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AIBU to think this could be dangerous?

(24 Posts)
germainebeer Sat 18-Mar-17 14:32:49

My neighbour is converting their large, detached home into a day nursery. Their plans include adding a large extension to the rear of the property. Building started this week and their contractors have dug the foundations and piled the excavated earth in a mound. It's difficult to see from our property, but there seems to be a few feet between the top of the mound of earth and our garden wall. However, I am concerned that the foot of the mound may be pressing against the foot of our garden wall - this is not visible from our property. Our wall is 116 years old and I am worried that the weight of several tonnes of earth will affect its structural integrity. The contractors have been driving a tractor over the mound, adding to the weight and pressure. I have two young children here and the nursery will have space for 50 children - if the wall were to collapse in either direction the effect could be catastrophic.

I have asked DP's opinion and he has been rudely dismissive of me. However, he is averse to confrontation (to the extent that he wouldn't even speak to them when their initial ground clearance work pulled down fencing and crushed trees, shrubs and soft fruit canes on our own property!) so I think this is colouring his view. I am fearful for the safety of my children and also feel that if the wall fell down at a future date, endangering the children at the nursery, then we could potentially find ourselves in court, facing ruin. I have asked DP to either look over our wall to see if he can see whether the foot of the excavatated earth mound is touching the wall (I'm not tall enough) or ask the neighbours for access to their garden to check from that side. He has angrily refused.

So, the first thing I'm wondering is whether you think it likely that tonnes of excavated earth are a danger to a Victorian wall that is in need of repointing? And the second is whether IWBU to ask the neighbours whether I can check from their side of the wall (relations are frosty though polite, as there was massive local opposition to the development)? Finally, I suppose there is the issue of what to do if it is a potential hazard?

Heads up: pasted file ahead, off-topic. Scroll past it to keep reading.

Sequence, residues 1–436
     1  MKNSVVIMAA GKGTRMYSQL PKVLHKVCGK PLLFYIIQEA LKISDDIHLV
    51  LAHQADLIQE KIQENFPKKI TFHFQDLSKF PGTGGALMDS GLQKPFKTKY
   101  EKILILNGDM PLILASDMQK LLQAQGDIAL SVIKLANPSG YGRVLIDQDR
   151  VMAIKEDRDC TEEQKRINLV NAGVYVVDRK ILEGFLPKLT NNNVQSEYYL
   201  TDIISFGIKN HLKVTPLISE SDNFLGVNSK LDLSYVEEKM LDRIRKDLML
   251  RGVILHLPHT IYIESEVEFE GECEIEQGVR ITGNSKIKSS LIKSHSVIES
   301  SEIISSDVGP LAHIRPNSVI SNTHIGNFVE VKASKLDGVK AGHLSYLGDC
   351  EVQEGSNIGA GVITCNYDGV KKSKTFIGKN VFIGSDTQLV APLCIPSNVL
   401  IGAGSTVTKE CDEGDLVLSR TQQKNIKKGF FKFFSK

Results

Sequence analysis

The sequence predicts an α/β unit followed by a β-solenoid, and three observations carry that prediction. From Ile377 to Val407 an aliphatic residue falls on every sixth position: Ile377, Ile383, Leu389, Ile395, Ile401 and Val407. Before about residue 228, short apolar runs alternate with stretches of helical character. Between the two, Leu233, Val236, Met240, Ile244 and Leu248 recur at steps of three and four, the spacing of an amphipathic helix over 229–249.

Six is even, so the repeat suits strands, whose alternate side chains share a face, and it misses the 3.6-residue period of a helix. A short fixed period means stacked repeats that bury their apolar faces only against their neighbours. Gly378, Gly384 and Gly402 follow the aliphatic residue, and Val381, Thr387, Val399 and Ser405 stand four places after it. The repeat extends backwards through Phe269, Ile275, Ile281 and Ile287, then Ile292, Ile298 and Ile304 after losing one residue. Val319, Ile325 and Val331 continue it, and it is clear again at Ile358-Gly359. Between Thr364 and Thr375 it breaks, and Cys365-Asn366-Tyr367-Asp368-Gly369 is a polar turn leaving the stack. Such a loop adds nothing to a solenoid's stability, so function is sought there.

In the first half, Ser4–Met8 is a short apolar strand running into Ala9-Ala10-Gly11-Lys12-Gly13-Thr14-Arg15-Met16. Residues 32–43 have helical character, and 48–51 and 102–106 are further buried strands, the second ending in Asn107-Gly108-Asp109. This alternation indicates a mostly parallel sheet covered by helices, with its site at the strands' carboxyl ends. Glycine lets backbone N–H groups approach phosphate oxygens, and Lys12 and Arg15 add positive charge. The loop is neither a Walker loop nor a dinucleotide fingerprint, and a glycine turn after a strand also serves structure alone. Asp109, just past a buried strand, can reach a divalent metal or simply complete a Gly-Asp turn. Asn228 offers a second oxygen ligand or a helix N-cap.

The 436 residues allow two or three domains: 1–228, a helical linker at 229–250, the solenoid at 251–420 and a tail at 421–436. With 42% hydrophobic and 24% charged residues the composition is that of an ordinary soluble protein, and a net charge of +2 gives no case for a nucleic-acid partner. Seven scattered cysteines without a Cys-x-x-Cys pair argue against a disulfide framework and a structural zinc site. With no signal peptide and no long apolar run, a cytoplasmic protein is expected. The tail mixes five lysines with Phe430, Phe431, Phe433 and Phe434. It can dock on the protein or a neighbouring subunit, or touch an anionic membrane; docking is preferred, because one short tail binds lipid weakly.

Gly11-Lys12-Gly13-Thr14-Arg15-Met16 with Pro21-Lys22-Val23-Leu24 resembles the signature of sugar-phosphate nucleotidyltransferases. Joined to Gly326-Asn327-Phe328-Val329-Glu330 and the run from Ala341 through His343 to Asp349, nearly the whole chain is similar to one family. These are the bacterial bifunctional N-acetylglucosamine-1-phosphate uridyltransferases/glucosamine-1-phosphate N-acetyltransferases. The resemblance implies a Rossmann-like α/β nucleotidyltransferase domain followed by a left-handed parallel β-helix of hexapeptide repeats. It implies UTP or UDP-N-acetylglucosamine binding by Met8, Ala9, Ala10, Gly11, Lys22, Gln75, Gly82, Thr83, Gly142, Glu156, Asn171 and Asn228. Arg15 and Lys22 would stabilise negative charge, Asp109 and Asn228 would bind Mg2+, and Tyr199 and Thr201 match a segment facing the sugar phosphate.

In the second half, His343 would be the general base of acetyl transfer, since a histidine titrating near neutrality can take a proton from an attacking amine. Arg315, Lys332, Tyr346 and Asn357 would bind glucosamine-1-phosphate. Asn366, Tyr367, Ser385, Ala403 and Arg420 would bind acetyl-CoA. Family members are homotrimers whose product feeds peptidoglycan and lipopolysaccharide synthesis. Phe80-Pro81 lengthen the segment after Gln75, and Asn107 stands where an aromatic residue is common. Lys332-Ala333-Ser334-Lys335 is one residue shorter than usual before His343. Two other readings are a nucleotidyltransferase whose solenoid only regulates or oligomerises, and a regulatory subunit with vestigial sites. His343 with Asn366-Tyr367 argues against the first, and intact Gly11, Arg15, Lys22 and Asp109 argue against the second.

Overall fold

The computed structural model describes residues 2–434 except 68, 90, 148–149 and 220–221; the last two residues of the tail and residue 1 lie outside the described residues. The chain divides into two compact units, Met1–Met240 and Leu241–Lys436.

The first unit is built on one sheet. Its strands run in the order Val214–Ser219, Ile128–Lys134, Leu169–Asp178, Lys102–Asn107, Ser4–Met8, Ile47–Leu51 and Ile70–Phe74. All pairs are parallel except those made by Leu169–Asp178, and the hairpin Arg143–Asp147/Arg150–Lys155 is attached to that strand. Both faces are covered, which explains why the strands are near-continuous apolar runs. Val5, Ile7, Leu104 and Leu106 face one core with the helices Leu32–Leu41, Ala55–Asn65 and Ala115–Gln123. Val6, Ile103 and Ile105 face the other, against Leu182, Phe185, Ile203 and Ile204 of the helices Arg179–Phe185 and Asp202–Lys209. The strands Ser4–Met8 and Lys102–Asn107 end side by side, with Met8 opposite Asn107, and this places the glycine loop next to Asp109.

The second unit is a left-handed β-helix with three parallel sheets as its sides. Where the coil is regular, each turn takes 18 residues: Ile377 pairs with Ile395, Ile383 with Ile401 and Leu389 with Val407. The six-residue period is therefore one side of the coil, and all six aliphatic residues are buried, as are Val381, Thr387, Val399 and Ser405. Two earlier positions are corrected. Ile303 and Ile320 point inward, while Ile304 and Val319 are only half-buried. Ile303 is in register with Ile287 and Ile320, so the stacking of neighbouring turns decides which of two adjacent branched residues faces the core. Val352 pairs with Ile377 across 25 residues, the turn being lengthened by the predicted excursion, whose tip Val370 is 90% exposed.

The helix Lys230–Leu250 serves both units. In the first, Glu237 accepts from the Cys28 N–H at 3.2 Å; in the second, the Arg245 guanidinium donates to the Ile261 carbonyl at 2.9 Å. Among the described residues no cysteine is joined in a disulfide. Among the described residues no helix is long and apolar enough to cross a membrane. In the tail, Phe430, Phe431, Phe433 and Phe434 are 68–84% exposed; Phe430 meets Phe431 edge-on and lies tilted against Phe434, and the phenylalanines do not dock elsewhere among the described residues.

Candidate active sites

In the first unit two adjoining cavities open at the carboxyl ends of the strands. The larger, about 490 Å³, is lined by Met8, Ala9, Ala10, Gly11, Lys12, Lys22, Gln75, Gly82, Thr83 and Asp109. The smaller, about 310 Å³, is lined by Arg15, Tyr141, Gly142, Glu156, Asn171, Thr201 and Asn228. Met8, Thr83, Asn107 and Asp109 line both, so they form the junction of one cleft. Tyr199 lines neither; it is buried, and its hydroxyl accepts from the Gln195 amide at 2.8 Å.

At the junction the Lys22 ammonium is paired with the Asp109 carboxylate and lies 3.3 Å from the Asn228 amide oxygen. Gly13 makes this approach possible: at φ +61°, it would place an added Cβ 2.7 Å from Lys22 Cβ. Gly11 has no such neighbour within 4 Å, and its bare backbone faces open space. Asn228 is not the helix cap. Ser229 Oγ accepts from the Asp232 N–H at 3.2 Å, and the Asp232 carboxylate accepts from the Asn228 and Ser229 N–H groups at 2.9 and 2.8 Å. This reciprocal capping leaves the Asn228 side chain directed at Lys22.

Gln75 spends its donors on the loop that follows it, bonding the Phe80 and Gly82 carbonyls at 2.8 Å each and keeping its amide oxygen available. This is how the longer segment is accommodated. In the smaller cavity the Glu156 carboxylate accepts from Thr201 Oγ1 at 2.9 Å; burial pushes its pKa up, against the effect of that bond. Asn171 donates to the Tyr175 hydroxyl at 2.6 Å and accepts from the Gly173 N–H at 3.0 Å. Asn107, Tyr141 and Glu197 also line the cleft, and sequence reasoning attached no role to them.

germainebeer Sat 18-Mar-17 14:33:28

AIBU to think this may be dangerous?

Redtartanshoes Sat 18-Mar-17 14:35:45

Potentially it could damage your wall yes. I say this as someone who works in construction albeit a much larger scale.

What are their plans for the spoil? If temp then it's not such a problem. Although severe rain could lead to movement.

CatsMother66 Sat 18-Mar-17 16:33:47

I have been in this position but on the other side. Our neighbours own the old red brick wall between us. It is in a dire state and needs repointing. The ivy holds it up! They objected to us building a large garage a metre from their wall as they were worried it would fall over, never worrying about the trees and bamboo they planted along it whose roots will no doubt harm the wall.
Planing was granted and we built the garage. Our builders, mindful of its state made sure they dug footings that would actually support the wall from our side.
In my opinion, and it's only my opinion, if you state that your wall needs repointing and you worry that it's going to fall, then maybe you should do something about it now. You state in black and white that it needs it so I would say you would be liable if it fell down in the future, regardless of whether the mound was there or not.

LuxCoDespondent Sat 18-Mar-17 16:48:56

Can't you look over the wall yourself using a ladder and/or a camera on a stick? But yes there is a risk that the wall will fall over at some point, may not be for a few years but if it is in a poor condition it might be worth getting it fixed anyway. If it's your wall as opposed to your neighbour's then you would be the one liable if it collapsed and caused injury in the future.

BoBaraMoMara Sat 18-Mar-17 16:53:00